MONDAY’S COLUMN: NEAL AT THE CROSS
In the wake of James Polk’s vision for “manifest destiny,” the United States purchased and/or fought for the territory that gave us the current boundaries of our nation. To maintain and protect this newfound territory, one of the military strategies included the building of forts throughout the west to protect settlers from especially the Native American tribes who were reacting to the invasion of their ancestral home. Kit Carson, former fur trapper, explorer, and extraordinary tracker, was a civilian ultimately urged into serving out west in a military stretched thin back east by the Civil War. He was appointed by General James Carleton to round up 9000 Navajo and 500 Mescalero Apache and place them in a reservation Carleton dreamed up. From the time he visited there, he was enamored with the terrain, trees, and beauty of the place. So the nearly 10,000 Native Americans were detained and displaced and forced to settle at Bosque Redondo.
While it was a disaster on paper, it was even worse in real life. Neither the Navajo nor Apache were agrarian people, but both were forced to farm. They were enemies of one another, but they were forced to live together at Bosque Redondo. The crops were destroyed by cut worms and hail storms, and the army rations inadequate. The water was alkaline, making them sick. Smallpox decimated their numbers. Winters were bitterly cold and the inhabitants were ill-prepared and ill-equipped. They were forced laborers, slaves ironically settled at this reservation by the U.S. Government and President Lincoln the very year of the Emancipation Proclamation. It was as much a failure for the government. It was an exorbitantly expensive venture, costly to start and even more to maintain. Beyond the inhumanity and immorality of the venture, it was inept and inane. Carlton envisioned paradise, but delivered purgatory (information a summary of content in Hampton Side’s book, Blood And Thunder).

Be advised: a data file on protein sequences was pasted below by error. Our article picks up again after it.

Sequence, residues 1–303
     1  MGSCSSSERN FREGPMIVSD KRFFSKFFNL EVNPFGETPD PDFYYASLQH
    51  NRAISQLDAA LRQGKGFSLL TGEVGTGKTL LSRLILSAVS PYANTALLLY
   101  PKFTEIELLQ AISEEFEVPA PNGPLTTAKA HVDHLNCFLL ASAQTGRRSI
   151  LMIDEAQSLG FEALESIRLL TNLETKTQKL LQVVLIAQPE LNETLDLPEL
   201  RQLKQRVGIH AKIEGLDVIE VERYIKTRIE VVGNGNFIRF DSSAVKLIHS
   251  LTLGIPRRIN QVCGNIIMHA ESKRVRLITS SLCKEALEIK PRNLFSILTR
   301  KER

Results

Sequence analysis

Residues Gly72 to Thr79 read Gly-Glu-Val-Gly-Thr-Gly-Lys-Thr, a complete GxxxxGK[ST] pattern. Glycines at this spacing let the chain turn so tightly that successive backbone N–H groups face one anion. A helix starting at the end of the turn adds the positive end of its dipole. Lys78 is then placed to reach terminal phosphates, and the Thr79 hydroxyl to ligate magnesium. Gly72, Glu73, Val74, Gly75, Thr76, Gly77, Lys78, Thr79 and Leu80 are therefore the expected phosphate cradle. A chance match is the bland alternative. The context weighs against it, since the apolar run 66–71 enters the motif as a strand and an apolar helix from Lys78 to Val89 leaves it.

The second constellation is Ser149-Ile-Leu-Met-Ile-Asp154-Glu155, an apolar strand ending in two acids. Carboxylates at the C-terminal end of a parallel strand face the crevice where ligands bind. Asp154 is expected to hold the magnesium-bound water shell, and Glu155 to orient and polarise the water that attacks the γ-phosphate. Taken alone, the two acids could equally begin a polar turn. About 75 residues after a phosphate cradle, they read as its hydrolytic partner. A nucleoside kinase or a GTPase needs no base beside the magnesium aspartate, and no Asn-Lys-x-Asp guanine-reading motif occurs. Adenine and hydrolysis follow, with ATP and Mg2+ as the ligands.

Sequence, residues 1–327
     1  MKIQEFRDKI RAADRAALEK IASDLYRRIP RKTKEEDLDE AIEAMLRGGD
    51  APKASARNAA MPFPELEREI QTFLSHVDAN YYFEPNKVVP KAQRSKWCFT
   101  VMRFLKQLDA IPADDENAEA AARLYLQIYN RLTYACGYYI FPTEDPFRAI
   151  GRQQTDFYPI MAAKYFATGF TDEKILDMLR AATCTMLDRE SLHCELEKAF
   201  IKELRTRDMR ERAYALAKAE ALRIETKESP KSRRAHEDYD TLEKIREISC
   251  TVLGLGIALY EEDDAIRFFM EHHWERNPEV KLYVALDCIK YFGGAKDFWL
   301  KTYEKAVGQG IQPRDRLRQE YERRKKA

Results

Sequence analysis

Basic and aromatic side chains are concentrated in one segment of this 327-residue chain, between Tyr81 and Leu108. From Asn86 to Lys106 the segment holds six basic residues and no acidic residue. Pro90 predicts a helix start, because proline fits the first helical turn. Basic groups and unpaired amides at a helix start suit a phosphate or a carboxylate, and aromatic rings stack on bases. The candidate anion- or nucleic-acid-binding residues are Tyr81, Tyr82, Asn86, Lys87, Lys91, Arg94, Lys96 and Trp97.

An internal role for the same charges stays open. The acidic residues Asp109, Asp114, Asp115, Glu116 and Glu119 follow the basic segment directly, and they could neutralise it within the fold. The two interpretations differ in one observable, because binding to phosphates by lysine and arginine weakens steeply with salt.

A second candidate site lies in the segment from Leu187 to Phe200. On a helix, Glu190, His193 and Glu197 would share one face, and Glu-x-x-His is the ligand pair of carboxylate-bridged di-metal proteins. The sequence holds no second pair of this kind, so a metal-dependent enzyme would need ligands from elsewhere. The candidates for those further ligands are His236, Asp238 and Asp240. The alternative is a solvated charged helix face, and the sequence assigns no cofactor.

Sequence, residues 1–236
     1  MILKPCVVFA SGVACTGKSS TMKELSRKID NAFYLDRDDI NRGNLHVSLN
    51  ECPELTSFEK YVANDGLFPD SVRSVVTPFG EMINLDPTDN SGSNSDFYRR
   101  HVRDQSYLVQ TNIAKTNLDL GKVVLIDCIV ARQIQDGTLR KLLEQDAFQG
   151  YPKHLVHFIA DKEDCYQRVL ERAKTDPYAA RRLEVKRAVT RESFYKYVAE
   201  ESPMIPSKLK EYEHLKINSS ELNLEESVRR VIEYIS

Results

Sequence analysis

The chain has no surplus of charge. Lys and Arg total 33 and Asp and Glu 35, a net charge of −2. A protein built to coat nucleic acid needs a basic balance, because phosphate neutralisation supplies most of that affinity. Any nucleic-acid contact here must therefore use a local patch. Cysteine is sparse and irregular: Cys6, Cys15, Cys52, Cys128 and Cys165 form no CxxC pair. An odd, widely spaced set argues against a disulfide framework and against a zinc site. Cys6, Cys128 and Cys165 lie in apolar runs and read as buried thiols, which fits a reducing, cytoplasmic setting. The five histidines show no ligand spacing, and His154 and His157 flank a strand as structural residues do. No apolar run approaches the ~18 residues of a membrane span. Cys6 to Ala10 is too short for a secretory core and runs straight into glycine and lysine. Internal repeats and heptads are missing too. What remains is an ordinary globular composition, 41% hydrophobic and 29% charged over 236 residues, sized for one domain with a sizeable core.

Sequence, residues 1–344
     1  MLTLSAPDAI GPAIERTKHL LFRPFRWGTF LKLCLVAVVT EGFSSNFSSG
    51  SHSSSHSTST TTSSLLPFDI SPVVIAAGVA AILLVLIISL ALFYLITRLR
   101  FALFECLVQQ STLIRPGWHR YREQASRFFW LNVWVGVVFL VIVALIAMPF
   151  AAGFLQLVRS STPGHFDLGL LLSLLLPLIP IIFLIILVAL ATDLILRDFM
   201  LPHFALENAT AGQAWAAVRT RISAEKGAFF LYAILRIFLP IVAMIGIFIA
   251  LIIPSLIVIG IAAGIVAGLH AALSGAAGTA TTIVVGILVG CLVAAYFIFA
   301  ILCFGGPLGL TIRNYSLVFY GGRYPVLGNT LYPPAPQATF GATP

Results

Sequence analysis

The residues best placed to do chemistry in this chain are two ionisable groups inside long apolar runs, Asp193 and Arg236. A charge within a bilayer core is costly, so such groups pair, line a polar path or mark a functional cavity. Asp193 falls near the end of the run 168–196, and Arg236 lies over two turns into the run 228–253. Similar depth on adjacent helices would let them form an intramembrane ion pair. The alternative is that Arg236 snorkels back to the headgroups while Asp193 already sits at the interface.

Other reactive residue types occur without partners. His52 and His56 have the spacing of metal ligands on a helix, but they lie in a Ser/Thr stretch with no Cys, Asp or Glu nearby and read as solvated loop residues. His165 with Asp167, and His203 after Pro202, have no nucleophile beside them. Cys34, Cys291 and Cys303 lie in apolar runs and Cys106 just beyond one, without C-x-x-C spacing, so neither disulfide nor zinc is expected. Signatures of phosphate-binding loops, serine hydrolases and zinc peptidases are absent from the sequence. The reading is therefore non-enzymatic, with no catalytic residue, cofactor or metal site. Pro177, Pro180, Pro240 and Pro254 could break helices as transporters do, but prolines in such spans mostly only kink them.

Bosque Redondo is but one example of the disaster which follow’s man’s attempt to create what he vainly sees as either utopian or idyllic. Contrast that with some of God’s plans. First, He put man and woman in a perfect paradise wherein He supplied their every need (Gen. 2:8-14). Later, after they sinned and were expelled from there, God promised a land which flowed with milk and honey. It was a good and spacious land (Exo. 3:8). While sin tainted their existence there and ultimately cost them ownership, the provision was not the problem.
Along the way, God promised the creation of a domain unlike any other. It would be for all nations (Gen. 22:18; Isa. 2:2). It would never be destroyed, nor left to other peoples (Dan. 2:44). It was the result of the eternal planning and purpose of God (Eph. 3:9-11). God left a perfect blueprint for its creation and for the citizens’ conduct (Isa. 2:3; Mic. 4:2). We know it as the church (Eph. 1:22-23; 4:4). It is described in that epistle: “So then you are no longer strangers and aliens, but you are fellow citizens with the saints, and are of God’s household, having been built on the foundation of the apostles and prophets, Christ Jesus Himself being the corner stone, in whom the whole building, being fitted together, is growing into a holy temple in the Lord, in whom you also are being built together into a dwelling of God in the Spirit” (2:19-22).
In this divine institution, God has brought together people diverse and unlike each other and united them through His Son. He has taken spiritual slaves and gave them freedom. He has taken those poor and emaciated by sin and made them rich (Eph. 2:7; Phil. 4:19). He has given them boundless blessings by His Son (Eph. 1:3). His church is right in design, discharge, and destiny. Far from a blunder, His body is a bountiful blessing! Only God could take a people besieged by sin and dysfunction and give us something infinitely better. Just imagine what our eternal home is going to be (Rev. 21-22)!